Last week, volume one of my life of Margaret Thatcher won the Elizabeth Longford Prize for Historical Biography. This made me feel greatly honoured, because I knew and loved Elizabeth — she was our country neighbour — and admired her own biographies greatly. It is also undeniably pleasant to get £5,000 without having to do any extra work, or even apply. This is the third monetary prize that my book has won, and I have been thrilled to discover that prizes attract no tax at all, so £5,000 is £5,000. Since ‘aggressive’ tax avoidance is the in thing, I would recommend that organisations wishing to confer extra rewards on staff should combine with others in their trade — for example, in banking — and invent, let us say, the Lehman Brothers Memorial Prize. They would then pool the enormous sums which in the old days they would have paid as bonuses and turn them into untaxed trade awards.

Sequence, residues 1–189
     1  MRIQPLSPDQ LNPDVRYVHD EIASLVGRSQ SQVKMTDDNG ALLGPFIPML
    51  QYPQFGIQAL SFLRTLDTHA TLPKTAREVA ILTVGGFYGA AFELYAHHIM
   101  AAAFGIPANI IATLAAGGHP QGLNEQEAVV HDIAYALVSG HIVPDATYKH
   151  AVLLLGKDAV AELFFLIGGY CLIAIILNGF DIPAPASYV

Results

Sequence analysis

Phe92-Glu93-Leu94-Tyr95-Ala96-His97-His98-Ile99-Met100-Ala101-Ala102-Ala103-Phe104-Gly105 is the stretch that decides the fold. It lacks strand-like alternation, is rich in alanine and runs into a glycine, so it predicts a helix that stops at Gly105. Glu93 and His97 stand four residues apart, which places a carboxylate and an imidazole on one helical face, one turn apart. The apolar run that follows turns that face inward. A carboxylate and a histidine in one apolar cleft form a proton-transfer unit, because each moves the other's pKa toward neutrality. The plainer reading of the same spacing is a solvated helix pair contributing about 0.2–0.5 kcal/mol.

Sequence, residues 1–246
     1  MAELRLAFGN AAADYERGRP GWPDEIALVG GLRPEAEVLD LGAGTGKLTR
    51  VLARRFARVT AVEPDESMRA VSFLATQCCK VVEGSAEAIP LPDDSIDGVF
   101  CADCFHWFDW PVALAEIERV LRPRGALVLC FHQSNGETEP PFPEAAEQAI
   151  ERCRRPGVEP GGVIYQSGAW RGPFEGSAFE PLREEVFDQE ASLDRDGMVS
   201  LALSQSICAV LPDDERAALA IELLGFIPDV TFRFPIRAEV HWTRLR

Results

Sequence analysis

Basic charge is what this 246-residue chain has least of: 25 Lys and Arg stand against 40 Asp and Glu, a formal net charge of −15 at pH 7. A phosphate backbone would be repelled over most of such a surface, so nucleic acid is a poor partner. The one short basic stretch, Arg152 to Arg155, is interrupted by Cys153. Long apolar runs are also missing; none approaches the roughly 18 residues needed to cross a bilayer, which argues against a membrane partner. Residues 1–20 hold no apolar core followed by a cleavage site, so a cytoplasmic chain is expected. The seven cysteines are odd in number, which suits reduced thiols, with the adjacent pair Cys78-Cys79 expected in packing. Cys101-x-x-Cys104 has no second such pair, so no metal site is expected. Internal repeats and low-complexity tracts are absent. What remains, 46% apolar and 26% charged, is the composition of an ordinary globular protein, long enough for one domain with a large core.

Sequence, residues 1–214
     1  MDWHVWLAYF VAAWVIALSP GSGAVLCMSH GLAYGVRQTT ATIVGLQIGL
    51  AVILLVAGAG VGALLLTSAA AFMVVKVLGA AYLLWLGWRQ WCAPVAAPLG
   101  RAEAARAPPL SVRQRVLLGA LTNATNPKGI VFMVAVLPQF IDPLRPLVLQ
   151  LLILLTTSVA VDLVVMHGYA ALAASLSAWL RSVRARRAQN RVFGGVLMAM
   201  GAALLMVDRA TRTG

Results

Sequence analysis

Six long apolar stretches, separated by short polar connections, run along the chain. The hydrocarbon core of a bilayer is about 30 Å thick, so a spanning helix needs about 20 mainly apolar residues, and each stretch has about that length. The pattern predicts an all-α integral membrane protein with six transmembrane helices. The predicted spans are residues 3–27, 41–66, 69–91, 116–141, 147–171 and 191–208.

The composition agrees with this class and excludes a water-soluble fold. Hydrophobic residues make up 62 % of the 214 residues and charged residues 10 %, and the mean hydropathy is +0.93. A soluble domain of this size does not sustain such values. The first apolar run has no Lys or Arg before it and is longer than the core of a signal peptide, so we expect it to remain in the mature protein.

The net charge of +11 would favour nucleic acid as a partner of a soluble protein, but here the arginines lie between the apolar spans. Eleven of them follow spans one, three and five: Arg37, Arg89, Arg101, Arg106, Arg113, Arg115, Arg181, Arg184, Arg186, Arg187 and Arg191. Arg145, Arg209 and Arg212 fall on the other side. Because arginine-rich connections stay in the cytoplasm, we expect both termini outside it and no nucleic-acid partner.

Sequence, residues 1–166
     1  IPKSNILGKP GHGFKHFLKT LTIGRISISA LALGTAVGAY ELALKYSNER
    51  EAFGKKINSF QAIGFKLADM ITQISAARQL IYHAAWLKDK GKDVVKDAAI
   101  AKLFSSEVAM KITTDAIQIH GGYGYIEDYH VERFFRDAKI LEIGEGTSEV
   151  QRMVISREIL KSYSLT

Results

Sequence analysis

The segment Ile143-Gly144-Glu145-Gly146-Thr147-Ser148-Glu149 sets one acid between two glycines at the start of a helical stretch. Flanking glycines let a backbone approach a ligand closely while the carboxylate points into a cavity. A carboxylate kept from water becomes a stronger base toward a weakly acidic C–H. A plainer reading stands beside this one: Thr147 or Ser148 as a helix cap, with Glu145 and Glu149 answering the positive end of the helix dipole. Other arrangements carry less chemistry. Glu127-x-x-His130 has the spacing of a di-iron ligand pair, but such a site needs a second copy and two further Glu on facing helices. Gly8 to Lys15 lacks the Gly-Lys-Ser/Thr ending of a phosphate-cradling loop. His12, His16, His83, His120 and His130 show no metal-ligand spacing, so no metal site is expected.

The political rhetoric against tax avoidance is a cover for greater state powers. The proposals in the Budget to let HMRC take money out of people’s bank accounts are a shocking way of avoiding due process, as the Commons Treasury Select Committee spotted last week. It does not follow, because money is due to the Revenue from X, that X’s money now simply belongs to them. In the row about tax avoidance by Gary Barlow of the band Take That, the BBC quotes an HMRC spokesman as saying that ‘anyone who uses a scheme which HMRC deems to be against the rules owes them money’. If he is correct, then the concept that people’s money is theirs until a court rules otherwise is replaced by arbitrary power.
This is an extract from Charles Moore’s Spectator’s Notes in this week’s magazine. Click here to read for free with a trial of The Spectator app for iPad and iPhone. You can also subscribe with a free trial on the Kindle Fire.Tags: Charles moore, Gary Barlow, literary prizes, Margaret Thatcher, revenue, Spectator, tax avoidance